Come enjoy the Academy for free this Sunday, February 26.
By Molly Michelson
Attention! Beards may be cool, but they’re not just attractive.
Don’t take my word for it. According to NPR, psychologists at the University of New South Wales in Sydney found that women slightly preferred a heavy, 10-day stubble, (something like George Michael’s look during the Faith years), compared to a full beard or a clean-shaven face.
And humans are not the only ones. Penn State researchers have discovered that Eastern fence lizards, Sceloporus undulates, prefer their mates to be beard-free. I should specify: their female mates need to be beard-free. Male fence lizards have bright blue "badges" outlined in black on both sides of their throats and abdomens. In addition, many females also have this blue ornamentation, although it is less vibrant and covers a smaller area.
“Just as some human females have male-pattern facial hair, albeit less pronounced than in males, some female fence lizards display the typically-male blue markings,” says researcher Tracy Langkilde. "However, whereas in human females the masculine characteristics are less common within the population, in fence lizards, we see the opposite pattern: about three quarters of the females are so-called ‘bearded ladies,’ making masculinized females much more common than their counterparts with little or no blue ornamentation.”
Using a combination of field observations and laboratory manipulations, Langkilde and grad student Lindsey Swierk designed experiments to determine whether male lizards preferred the more-masculine bearded ladies or their beardless sisters. “We found that, although males do not say 'no' to bearded ladies, they clearly discriminate against blue-ornamented females, opting more often to court females without coloring,” Swierk says. “The question is why? Is it possible the males mistake the bearded ladies for fellow males? Or are bearded ladies somehow less fit and, therefore, less attractive to males?”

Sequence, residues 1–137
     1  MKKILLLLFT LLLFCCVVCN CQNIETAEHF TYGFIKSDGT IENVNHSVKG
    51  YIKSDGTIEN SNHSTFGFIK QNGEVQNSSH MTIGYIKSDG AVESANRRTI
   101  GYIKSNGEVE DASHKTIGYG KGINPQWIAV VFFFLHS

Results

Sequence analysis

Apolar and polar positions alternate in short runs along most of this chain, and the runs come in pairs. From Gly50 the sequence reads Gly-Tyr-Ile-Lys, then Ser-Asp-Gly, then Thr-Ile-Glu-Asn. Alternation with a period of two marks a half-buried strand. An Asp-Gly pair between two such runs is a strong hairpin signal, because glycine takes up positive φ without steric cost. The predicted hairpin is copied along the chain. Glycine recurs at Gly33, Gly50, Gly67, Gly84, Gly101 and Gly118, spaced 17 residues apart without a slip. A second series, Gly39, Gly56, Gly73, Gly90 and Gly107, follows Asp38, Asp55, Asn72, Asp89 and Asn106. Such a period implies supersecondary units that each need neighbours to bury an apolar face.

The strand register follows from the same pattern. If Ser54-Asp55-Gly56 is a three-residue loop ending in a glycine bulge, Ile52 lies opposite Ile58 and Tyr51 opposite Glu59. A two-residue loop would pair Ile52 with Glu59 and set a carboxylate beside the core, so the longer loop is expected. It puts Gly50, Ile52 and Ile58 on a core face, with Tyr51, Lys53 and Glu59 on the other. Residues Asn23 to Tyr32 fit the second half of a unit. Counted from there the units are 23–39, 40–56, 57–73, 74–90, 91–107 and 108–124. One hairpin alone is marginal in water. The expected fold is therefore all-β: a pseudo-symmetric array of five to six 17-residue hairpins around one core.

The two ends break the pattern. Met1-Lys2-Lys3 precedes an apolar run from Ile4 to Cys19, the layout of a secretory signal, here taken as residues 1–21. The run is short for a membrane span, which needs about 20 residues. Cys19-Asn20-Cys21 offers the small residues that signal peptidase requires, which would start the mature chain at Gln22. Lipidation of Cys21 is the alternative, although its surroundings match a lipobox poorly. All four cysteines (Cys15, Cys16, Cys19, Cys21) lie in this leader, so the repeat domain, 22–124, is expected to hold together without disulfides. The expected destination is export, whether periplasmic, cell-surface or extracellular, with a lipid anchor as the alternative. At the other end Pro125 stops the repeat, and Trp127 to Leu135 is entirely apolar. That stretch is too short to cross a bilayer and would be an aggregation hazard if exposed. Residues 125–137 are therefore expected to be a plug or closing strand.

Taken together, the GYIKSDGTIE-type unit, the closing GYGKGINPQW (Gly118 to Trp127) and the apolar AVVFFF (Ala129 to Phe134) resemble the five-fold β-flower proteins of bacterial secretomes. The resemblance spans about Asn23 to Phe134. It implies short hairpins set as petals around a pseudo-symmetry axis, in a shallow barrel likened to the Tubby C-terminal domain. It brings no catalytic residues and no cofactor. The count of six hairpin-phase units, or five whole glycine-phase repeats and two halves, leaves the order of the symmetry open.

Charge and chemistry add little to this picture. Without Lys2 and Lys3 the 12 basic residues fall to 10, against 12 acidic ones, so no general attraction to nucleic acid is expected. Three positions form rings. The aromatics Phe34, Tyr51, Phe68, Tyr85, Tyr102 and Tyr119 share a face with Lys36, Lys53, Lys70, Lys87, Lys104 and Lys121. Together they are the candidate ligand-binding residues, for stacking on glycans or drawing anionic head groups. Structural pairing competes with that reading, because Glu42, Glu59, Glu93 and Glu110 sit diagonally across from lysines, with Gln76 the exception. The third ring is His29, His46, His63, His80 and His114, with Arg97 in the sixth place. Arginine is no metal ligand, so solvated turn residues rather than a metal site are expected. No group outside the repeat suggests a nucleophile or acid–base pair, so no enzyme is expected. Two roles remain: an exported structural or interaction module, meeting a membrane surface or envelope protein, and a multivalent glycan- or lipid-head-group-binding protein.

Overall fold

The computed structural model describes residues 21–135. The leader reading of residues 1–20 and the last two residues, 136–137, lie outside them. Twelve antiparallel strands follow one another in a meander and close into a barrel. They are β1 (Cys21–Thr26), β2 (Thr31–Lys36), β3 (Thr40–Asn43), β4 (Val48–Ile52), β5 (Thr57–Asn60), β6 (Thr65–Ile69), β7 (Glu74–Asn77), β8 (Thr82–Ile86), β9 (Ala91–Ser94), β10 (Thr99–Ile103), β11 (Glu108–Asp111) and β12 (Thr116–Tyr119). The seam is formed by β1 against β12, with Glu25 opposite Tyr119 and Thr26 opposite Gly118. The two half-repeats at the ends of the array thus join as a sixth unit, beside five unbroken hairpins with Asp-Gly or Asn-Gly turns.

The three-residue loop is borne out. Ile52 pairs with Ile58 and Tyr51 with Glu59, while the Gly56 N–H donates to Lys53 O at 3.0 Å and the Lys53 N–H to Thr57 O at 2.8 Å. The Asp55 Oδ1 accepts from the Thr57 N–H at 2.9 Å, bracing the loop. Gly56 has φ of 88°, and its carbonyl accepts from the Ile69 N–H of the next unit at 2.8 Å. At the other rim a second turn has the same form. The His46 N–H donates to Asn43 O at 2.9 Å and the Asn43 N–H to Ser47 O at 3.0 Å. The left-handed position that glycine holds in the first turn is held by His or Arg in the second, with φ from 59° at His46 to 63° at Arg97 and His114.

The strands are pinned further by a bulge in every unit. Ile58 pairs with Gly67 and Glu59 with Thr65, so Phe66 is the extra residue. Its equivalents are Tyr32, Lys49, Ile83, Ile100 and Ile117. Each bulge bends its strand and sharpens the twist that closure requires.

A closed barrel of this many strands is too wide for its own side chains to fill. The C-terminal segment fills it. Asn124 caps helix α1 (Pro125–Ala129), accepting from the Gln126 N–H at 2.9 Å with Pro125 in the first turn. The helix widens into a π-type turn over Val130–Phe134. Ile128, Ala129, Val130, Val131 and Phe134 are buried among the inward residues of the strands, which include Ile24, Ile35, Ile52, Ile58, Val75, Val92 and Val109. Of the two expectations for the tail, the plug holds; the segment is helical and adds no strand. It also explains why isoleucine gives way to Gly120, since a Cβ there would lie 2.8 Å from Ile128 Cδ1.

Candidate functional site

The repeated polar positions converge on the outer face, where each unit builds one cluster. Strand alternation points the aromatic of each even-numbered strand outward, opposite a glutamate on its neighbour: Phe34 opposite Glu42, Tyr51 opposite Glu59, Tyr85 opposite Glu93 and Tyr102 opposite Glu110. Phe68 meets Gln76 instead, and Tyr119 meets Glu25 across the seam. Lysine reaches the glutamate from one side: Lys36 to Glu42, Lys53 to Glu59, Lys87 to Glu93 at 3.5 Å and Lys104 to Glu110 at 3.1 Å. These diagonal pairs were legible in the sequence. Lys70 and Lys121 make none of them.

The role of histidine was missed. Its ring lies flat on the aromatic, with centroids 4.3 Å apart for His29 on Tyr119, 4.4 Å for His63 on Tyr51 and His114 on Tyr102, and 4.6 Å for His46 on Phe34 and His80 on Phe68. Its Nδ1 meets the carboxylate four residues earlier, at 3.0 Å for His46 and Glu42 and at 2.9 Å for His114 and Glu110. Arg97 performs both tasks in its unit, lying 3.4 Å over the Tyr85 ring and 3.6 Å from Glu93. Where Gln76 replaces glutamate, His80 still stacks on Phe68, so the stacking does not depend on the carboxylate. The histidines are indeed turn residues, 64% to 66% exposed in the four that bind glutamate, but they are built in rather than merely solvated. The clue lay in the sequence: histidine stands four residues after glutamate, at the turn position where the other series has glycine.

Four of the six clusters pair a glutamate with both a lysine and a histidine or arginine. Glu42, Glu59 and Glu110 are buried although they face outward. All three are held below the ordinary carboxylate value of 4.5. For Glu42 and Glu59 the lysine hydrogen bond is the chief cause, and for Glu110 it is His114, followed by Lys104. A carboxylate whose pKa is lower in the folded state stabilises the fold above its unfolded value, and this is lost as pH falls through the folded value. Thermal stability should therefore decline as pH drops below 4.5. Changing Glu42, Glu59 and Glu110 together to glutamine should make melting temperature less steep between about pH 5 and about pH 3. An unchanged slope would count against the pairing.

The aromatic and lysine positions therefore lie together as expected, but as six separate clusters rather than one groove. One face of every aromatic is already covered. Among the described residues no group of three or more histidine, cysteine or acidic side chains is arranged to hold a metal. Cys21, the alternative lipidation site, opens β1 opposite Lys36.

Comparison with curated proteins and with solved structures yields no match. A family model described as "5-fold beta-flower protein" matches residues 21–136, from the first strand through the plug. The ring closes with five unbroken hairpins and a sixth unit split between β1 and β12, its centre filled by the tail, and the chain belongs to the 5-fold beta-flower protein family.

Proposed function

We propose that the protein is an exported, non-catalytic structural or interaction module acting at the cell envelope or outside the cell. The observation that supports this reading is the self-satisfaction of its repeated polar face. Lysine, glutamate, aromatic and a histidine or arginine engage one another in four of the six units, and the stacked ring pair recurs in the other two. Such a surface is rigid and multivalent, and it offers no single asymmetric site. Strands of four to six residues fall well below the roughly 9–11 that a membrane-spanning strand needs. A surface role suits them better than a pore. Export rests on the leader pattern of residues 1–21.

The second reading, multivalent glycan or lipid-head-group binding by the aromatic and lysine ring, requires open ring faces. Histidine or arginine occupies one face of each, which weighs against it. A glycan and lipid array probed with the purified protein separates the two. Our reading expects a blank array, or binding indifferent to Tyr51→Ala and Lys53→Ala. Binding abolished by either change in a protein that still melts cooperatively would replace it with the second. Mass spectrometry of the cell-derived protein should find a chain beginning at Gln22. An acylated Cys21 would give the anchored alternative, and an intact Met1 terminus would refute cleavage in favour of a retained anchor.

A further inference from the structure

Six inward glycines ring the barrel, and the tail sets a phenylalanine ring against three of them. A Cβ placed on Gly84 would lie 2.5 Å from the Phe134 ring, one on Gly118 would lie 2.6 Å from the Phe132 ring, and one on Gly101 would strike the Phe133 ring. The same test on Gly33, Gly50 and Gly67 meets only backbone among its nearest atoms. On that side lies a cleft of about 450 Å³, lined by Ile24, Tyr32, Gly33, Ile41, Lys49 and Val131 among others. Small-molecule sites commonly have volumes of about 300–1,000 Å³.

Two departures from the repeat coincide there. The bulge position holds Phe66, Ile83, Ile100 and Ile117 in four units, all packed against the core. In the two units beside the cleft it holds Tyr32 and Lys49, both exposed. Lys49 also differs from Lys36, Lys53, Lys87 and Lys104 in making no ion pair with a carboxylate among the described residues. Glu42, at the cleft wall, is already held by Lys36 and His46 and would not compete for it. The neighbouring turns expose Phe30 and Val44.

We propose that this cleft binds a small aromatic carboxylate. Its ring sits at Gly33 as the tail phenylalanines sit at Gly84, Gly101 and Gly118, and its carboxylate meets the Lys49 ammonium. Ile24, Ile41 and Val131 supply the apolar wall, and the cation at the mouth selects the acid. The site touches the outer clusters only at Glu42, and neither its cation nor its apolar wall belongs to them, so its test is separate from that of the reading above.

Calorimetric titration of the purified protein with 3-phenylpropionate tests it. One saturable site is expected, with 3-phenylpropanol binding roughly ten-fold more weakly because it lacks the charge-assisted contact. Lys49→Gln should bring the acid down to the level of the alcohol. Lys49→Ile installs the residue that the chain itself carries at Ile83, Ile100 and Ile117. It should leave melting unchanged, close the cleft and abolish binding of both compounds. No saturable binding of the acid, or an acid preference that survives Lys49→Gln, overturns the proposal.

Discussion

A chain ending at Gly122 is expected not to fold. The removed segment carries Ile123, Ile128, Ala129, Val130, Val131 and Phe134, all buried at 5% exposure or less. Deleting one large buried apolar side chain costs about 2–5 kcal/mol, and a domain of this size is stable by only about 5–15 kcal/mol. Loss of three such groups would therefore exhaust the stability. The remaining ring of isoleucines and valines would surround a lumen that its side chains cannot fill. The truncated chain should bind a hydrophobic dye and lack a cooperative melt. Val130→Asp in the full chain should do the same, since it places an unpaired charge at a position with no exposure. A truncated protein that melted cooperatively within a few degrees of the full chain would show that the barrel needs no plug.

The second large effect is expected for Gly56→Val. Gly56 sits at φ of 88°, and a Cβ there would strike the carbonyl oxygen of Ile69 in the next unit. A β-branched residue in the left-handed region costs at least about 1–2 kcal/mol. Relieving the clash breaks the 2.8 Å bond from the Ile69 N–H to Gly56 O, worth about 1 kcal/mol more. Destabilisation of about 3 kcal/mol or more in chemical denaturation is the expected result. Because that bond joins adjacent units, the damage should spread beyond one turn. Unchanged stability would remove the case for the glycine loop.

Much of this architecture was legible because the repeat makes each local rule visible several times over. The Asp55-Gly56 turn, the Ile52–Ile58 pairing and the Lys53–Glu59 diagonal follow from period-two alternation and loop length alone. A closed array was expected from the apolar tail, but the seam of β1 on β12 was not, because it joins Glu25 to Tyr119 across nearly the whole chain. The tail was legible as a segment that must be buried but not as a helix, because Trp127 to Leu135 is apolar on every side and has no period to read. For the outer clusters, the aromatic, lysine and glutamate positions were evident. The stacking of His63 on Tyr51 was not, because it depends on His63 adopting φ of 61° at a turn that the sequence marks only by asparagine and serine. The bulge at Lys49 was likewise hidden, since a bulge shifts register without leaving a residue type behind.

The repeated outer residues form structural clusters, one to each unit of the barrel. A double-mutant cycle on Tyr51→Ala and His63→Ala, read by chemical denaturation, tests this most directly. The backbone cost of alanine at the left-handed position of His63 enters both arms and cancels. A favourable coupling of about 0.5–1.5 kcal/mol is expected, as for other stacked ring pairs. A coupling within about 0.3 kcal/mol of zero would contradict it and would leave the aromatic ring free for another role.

To answer this last question, the team members studied the differences between the reproductive output of bearded ladies and the less-common females without male-pattern coloring. They found that, compared to their beardless counterparts, bearded ladies laid clutches that weighed less. In addition, they laid their eggs about 13 days later in the mating season.
“As a result, females with less blue coloration may have an evolutionary advantage with regard to the fitness of their offspring,” says Langkilde. “This might explain why males tend to prefer them.”
Langkilde and Swierk hypothesize that although bearded ladies currently are more common in many fence-lizard populations, the evolutionary tide might be turning. “What we might be observing is a gradual trend toward more sexual dimorphism within this species,” Swierk saiys. Sexual dimorphism is defined as the difference in color, shape, size, or structure between males and females of the same species. Darwin and others have suggested that one of the major factors driving these differences is sexual selection – the theory that an animal chooses a member of the opposite sex based on some observable feature that signals good health and superior genes. “It is possible that, over the course of several generations, we will see the beardless lizards winning out over their bearded-lady sisters,” Langkilde adds.
But maybe it is the bearded ladies that have the advantage, Langkilde says. “Another possibility is that bearded ladies may benefit by having especially sexy sons.” The team’s previous research has shown that females prefer really blue males and so, “if these bearded ladies pass their vivid coloration on to their sons, this could give them an advantage by ensuring they have lots of grandchildren.”
So while not always considered attractive amongst Eastern fence lizards, beards may be at least advantageous, evolutionary-wise. This interesting research was published last week in Biology Letters.